Be prepared for the odd brush-off of course, but don’t let it dissuade you. Remember, there are two ways to travel. Pack ample changes of clothes and stay in one place or pack one set of clothes and change places often.

Sure you’ll get shot down, but just leave it behind you with your invoice at check-out. Where one person will decline your company, another will welcome it.

CouchSurf. The CouchSurfing project is a free online hospitality service. Serving more than one million members in over 232 countries and territories, the network is the largest of its kind. Members use the site to coordinate home accomodation with other members around the globe. However, it’s not just about finding a couch on which to crash. Intrepid traveller Gary Arndt—on the road now for two years—uses CouchSurfing not for the accomodation, but for purposes of sharing information and occasionally meeting up for sightseeing—another way to break the ‘tourism bubble’. Of course, one of the biggest question that people tend to ask is “how safe is couchsurfing“? Check out our featured piece on the dangers of CouchSurfing.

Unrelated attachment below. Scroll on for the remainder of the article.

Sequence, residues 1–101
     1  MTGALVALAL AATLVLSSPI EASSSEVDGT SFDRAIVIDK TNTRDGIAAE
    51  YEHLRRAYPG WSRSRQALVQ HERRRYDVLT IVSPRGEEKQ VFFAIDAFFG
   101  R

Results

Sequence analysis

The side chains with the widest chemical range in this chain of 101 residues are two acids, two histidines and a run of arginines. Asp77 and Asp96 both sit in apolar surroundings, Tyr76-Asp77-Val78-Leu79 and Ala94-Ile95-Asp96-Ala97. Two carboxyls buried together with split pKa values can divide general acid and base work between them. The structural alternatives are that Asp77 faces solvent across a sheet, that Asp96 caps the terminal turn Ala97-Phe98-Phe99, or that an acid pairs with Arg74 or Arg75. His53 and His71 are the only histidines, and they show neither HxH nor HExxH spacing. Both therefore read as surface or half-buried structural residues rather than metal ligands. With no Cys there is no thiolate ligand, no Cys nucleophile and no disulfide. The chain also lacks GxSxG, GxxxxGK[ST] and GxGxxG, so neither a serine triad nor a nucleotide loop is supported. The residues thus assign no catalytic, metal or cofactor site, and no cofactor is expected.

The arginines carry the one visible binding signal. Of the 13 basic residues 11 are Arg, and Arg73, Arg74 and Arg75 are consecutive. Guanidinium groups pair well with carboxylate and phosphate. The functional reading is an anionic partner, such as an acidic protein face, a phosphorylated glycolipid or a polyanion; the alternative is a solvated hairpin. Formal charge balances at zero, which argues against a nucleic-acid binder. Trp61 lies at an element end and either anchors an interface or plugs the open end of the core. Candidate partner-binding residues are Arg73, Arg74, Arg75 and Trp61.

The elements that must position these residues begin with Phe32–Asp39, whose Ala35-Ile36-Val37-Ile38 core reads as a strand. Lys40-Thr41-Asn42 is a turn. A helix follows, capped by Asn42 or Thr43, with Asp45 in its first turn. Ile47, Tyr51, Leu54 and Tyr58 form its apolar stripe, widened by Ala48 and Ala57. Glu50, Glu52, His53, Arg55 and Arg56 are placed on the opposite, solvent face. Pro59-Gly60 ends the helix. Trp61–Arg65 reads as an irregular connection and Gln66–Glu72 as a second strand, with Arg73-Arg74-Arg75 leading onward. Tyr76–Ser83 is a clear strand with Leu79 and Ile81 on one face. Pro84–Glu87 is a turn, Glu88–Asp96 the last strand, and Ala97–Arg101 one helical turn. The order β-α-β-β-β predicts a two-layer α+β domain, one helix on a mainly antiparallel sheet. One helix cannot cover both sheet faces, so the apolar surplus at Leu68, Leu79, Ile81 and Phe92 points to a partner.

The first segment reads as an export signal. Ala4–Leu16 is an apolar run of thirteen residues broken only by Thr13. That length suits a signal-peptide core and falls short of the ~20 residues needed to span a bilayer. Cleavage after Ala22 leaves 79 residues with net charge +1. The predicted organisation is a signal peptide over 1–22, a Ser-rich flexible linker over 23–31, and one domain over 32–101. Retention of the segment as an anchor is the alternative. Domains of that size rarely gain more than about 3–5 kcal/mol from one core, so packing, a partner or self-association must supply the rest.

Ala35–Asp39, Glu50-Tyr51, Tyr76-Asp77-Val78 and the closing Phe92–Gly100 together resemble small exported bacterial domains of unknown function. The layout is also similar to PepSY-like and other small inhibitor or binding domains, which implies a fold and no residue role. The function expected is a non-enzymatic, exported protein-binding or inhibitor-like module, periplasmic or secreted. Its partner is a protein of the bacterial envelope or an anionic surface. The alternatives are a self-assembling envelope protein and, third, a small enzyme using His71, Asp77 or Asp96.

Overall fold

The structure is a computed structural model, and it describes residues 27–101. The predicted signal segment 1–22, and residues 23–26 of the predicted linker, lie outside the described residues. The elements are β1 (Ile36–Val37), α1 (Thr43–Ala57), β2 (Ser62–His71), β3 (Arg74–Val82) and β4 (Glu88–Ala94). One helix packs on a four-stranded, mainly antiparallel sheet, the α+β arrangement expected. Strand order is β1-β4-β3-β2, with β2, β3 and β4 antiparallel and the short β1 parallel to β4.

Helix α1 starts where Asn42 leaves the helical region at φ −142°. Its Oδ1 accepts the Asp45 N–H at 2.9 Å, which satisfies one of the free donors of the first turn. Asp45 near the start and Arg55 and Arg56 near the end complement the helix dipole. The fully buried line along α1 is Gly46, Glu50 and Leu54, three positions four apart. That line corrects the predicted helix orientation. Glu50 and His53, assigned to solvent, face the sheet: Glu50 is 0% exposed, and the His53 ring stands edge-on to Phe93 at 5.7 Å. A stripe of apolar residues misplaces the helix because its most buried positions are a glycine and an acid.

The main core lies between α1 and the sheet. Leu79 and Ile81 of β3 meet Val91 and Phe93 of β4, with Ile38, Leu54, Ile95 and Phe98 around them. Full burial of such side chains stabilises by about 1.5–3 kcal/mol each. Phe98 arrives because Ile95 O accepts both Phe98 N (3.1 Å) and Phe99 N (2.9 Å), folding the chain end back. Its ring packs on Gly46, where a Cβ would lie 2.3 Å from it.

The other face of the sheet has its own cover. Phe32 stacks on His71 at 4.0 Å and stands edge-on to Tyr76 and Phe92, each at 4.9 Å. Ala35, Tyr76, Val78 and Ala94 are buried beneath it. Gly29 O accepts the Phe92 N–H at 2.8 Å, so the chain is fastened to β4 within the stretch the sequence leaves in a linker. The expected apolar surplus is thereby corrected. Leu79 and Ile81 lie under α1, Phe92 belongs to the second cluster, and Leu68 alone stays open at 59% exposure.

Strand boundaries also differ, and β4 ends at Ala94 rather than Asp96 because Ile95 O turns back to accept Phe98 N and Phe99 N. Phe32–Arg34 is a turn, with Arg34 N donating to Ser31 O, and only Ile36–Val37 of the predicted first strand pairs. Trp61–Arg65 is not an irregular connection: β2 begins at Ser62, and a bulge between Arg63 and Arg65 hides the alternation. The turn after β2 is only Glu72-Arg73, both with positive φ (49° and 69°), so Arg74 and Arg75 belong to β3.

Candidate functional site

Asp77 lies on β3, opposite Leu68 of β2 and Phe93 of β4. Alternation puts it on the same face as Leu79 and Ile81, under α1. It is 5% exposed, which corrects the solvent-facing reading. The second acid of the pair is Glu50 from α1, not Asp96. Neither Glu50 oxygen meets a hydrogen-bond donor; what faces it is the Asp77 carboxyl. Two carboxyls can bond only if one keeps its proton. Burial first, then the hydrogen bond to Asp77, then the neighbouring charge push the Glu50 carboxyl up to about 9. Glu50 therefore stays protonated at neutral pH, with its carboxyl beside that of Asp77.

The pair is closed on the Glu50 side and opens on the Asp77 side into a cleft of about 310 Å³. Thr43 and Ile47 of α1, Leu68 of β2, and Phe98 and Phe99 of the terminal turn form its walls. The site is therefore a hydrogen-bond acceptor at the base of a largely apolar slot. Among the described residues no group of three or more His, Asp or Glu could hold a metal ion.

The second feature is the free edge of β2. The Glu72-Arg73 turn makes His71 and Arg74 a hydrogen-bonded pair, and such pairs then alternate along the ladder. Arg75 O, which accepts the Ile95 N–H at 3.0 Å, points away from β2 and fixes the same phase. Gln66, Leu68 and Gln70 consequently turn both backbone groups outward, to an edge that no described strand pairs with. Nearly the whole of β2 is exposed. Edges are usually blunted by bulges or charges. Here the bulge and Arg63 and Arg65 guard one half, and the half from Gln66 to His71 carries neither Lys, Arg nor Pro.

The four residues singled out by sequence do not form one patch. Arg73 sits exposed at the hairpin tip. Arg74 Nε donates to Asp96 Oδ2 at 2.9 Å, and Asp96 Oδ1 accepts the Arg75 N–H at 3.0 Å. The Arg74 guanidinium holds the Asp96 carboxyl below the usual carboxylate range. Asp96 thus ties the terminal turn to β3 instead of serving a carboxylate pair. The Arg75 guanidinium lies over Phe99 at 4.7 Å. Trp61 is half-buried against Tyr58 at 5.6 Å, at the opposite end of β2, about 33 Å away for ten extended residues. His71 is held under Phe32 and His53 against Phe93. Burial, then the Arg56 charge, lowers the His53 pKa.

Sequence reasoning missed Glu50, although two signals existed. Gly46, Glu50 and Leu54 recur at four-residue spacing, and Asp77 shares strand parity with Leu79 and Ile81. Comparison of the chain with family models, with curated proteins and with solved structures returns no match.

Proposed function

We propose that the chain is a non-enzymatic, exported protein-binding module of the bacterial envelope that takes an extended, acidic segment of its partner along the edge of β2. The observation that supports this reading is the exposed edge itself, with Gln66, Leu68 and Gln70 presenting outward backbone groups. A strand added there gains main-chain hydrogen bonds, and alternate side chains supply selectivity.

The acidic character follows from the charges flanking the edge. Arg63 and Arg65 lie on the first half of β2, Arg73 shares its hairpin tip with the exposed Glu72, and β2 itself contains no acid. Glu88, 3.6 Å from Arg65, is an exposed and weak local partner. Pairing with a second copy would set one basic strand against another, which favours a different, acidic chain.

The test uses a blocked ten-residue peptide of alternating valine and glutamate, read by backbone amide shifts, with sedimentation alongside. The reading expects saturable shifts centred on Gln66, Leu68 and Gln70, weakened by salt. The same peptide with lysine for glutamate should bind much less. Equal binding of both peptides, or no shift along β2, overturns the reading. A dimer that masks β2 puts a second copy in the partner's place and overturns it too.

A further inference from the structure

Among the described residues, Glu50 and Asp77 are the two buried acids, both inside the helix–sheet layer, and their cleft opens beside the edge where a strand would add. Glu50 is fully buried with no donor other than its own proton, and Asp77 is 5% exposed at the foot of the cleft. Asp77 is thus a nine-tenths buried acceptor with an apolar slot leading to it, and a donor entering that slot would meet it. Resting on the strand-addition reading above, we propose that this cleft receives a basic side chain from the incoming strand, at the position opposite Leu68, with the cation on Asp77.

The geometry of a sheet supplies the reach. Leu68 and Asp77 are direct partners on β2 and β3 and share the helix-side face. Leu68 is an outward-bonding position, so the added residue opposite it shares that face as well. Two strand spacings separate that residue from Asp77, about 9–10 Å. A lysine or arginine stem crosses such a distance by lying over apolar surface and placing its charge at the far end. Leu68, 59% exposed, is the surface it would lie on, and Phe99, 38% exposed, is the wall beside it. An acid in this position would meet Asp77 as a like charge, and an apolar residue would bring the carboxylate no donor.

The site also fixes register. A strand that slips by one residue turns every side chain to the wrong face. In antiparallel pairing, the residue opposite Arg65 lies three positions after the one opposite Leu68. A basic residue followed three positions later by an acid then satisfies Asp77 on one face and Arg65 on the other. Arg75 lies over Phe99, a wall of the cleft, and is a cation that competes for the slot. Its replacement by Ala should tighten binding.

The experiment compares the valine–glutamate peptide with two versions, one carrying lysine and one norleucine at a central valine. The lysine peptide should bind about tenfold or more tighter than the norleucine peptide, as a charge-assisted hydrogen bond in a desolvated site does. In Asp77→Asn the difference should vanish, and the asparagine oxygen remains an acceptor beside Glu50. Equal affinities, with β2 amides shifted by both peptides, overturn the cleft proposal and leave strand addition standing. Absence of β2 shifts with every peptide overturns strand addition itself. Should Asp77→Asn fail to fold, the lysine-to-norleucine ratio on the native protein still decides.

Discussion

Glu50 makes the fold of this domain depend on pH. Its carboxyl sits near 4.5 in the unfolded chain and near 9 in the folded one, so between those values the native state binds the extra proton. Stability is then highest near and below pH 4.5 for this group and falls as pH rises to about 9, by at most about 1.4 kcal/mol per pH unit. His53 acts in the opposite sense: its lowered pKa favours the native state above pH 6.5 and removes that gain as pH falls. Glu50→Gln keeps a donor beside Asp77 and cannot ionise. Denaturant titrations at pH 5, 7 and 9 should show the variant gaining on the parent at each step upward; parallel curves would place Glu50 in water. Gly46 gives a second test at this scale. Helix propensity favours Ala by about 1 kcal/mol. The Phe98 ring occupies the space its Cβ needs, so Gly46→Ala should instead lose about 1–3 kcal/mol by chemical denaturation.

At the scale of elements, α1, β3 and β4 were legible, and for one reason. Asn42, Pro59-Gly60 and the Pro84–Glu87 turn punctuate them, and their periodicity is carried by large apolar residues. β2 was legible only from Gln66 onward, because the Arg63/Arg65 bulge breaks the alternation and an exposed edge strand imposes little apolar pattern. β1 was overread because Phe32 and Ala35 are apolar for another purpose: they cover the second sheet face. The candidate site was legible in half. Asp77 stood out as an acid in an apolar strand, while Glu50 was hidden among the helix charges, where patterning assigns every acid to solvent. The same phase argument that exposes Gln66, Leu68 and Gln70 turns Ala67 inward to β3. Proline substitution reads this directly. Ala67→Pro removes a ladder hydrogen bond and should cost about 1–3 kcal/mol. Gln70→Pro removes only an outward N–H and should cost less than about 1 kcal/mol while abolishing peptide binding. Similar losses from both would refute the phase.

So don’t be lonely—unless that’s what you seek. On the road, it’s good to remind yourself of the difference between aloneness and loneliness. And, if the prospect of waking up in a strange place all by yourself concerns you, just remember the words of Freya Stark: “To awaken quite alone in a strange town is one of the pleasantest sensations in the world.”